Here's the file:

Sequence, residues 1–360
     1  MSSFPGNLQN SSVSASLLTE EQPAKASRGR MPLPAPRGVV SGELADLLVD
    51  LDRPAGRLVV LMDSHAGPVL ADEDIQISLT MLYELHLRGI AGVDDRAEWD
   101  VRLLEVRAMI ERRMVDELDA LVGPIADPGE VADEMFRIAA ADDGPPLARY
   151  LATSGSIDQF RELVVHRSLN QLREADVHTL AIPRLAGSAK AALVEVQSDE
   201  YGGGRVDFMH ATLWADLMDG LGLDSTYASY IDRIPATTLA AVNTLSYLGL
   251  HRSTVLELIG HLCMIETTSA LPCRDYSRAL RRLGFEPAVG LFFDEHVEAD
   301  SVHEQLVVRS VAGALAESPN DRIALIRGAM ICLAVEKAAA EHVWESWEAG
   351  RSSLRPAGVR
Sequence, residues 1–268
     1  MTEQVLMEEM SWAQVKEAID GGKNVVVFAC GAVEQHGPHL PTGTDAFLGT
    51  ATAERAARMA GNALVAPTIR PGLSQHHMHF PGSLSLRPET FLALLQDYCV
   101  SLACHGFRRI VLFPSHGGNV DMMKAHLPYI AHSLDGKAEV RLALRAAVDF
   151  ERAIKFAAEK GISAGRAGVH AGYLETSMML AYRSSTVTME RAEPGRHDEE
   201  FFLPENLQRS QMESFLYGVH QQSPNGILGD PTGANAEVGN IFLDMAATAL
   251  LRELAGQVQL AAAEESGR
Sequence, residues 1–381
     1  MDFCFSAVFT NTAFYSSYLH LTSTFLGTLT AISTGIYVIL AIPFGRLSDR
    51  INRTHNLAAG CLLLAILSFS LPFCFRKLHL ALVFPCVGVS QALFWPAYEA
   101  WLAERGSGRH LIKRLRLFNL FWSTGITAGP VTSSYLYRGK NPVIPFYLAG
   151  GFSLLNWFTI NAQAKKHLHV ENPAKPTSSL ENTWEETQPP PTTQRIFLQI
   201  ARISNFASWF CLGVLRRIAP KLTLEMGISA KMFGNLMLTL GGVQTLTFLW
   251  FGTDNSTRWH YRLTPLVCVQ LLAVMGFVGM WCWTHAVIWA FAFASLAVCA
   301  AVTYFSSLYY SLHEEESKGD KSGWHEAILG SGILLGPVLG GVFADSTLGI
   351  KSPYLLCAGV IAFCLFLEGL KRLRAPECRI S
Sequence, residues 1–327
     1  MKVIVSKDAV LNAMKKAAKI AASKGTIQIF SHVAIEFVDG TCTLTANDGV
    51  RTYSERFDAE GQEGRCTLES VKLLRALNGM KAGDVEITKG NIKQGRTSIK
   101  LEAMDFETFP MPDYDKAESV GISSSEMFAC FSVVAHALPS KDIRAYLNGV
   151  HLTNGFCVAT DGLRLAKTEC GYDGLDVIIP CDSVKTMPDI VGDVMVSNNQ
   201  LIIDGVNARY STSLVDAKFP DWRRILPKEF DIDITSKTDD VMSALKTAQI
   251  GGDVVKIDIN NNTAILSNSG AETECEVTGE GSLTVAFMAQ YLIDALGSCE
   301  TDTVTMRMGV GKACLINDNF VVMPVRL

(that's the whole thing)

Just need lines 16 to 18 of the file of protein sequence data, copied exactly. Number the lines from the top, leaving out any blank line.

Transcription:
   251  LRELAGQVQL AAAEESGR
Sequence, residues 1–381
     1  MDFCFSAVFT NTAFYSSYLH LTSTFLGTLT AISTGIYVIL AIPFGRLSDR